I have a guilty confession - on almost every season of the UK X-Factor, I shamelessly fall in love with a girl group that always bows out too early. This may simply be because of my affinity to the Spice Girls - and Girls Aloud, and the Sugababes, and the Saturdays - however my heart always breaks as, traditionally on the X-Factor, girl groups do notoriously poorly: This is because, quite frankly, in my opinion, they are often quite dodgily mentored, and often positioned as Cheryl Cole or Amelle wannabes, and tend to lack both performance chemistry and artistry.
However, as head judge Gary Barlow pointed out in last Saturday’s episode, we are week one into series eight of the show, and this year’s girl band is already the best one to ever be on the show.
The four members of Rhythmix did not have an easy start on the X-Factor: Jesy, Perry, Leigh-Anne and Jade were all cut from the Girls category and then placed into two separate groups for Bootcamp: However, both of those groups were then cut right before Judges’ Houses. When the girls thought their dreams were cut for a second time, judges Barlow, Tulisa, Kelly Rowland and Louis Walsh offered them a lifeline to leave their cut groups behind and form a new foursome. The result was a girl group called Rhythmix that, before their audition at Tulisa’s home in Greece, had never performed together.
Cut to less than a month later and the girls are receiving standing ovations from judges and being dubbed the best girl group in the UK’s largest TV program’s history. I think it’s worth looking into what went so right for these ladies:
In week one, the ladies, under the mentorship of Tulisa, performed Nicki Minaj’s “Super Bass” for the UK public, clad in a cohesive wardrobe of denim tops, high-waisted shorts, luscious red locks, and golden leggings. The combination of the high-octane vocal and candy-coated hip-hop aesthetic worked brilliantly for these ladies. “Super Bass” was a brilliant song choice because of its notoriously infectious chorus that is easily performable even in motion - and the reworking of the song to give it an even more powerful punch further magnified this. Furthermore, the styling of these ladies during their performance suggested that they weren’t trying to mimic Minaj’s style of showing off curves - their decision to dress like they were self-styled at H&M gives the teenage girls a younger feel. With girl groups, specifically British ones, it’s always fifty percent performance and fifty percent style. By taking a familiar song and “popping it up” a bit both in performance and presentation, they made the song feel fresh - even though it was on the radio forever in 2011.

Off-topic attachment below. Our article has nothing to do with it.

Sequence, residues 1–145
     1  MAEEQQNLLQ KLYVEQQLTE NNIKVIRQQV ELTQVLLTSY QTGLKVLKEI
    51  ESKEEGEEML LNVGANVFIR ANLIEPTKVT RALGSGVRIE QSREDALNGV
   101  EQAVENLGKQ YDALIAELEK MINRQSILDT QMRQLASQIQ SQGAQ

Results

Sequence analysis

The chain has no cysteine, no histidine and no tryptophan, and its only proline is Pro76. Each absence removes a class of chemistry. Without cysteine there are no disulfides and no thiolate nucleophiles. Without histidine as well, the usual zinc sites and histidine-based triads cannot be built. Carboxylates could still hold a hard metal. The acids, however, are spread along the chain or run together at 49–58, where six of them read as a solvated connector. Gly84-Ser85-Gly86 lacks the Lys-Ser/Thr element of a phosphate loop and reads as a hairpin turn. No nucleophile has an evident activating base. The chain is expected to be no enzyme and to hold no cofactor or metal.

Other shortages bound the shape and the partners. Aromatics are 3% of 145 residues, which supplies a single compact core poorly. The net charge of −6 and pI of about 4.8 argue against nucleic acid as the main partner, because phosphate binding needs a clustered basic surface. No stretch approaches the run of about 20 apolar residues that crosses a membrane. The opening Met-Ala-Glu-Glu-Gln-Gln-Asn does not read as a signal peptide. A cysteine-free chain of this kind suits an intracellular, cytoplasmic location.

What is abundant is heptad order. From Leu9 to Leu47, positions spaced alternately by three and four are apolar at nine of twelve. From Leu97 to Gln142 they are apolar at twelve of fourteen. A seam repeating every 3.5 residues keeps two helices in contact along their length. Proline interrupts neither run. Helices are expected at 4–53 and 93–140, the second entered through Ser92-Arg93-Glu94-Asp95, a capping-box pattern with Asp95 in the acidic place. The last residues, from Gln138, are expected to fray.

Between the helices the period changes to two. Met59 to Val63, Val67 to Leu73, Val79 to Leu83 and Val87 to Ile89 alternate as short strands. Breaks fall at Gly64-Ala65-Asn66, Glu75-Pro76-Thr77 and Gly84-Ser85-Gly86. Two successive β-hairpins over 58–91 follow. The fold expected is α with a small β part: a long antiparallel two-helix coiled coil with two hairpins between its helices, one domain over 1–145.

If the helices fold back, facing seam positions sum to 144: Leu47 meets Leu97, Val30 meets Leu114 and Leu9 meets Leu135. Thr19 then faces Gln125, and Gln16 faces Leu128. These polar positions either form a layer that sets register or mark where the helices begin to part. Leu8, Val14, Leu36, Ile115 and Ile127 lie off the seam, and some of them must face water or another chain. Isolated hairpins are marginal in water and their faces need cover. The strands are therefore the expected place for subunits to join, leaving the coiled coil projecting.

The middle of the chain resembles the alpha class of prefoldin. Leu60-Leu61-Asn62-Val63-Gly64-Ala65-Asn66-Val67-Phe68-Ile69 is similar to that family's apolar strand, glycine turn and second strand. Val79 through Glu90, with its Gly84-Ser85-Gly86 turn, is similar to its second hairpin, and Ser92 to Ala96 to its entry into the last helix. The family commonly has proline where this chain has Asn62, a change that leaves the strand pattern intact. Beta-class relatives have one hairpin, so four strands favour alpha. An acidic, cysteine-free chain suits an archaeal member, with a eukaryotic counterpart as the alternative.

Ultimately, what Rhythmix is doing best in the competition is positioning themselves as entirely different from the other girl groups of both X-Factor and the United Kingdom’s music industry: Unlike 2 Shoes, the group eliminated on Sunday’s elimination episode who had performed “Something Kinda Ooh” by Girls Aloud, Rhythmix took a much more Americanized approach and brought it home to their audience. By clearly stepping away from pop groups that the UK loved, they have put themselves into territory in the UK dominated by solo artists: While Jessie J, Lady Sovereign and Cher Lloyd all have clout in the UK, there isn’t a group equivalent. Rhythmix has an opportunity to build fans exponentially by building on their pop-hop vibe - I suspect that, with the mentorship of Tulisa, they’ll have at least a few weeks to do so. I don’t know if the girls will go all the way yet - but I know that they definitely have the power to, and deserve to, be the best ranked girl group in X-Factor history.